Monsanto announced today that it is pulling the plug on genetically engineered wheat after seven years of development and failed efforts to win over farmers and the international wheat market. The company made the announcement even as its application for commercialization remains pending, signifying that stiff opposition to the biotech food crop from U.S. farmers and international markets could not be overcome. Consumer groups say they now expect Monsanto to pull all pending wheat approval applications from before the U.S. Department of Agriculture.
“Monsanto may call this a corporate realignment, but it’s really a full retreat,” said Joseph Mendelson, CFS legal director. “For Monsanto to pull the plug on biotech wheat at this stage, could hardly be more significant. The company has been forced to face reality - the market didn’t want this wheat and Monsanto itself is in a struggle for its very survival.”
Monsanto has suffered a number of significant setbacks in the past few years: the continuing rejection of genetically engineered foods by food manufacturers (at least 52) and international export markets (over 35 countries); in December 2003 the company was forced to cut distribution of its high-profit recombinant Bovine Growth Hormone (Posilac) by 50 percent after its Austrian production facility failed sterility tests (company may already have exhausted current supplies of Posilac); in October 2003, it was forced to pull out of any attempts to market biopharmaceutical crops resulting in the layoff of approximately 1,200 people; Monsanto lost $1.8 billion in fiscal 2002 and its stock value has fallen 50 percent since 2001; and PCB and Agent Orange issues continue to be significant drags on company resources (e.g., liability for PCB contamination of Anniston, Al.).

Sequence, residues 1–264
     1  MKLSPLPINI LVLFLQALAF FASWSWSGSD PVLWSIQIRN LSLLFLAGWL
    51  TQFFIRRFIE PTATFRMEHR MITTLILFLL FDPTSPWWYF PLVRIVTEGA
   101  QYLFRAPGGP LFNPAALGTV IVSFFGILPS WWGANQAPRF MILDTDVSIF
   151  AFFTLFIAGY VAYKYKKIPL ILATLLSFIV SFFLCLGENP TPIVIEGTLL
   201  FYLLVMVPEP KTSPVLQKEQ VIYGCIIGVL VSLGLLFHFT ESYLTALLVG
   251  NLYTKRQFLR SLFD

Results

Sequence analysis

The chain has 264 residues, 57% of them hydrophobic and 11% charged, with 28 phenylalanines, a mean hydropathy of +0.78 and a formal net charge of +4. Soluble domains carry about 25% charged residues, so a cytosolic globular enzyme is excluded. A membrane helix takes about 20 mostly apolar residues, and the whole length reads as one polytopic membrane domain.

“Introduction of genetically modified wheat would have been a commercial disaster,” said Gail Wiley, a North Dakota farmer speaking for the Dakota Resource Council and the Western Organization of Resource Councils. “Monsanto’s announcement today is a victory for farmers in the United States and Canada and our consumers overseas. After five years of effort, we finally convinced Monsanto to face reality: our markets do not want Roundup Ready wheat.”
“This is a huge victory for farmers, consumers and food safety advocates,” added Mendelson, “and signifies a turning point in the battle against genetically engineered foods.”
In March of 2003, CFS along with Western Organization of Resource Councils filed a legal petition with USDA to prevent the regulatory approval of genetically engineered wheat.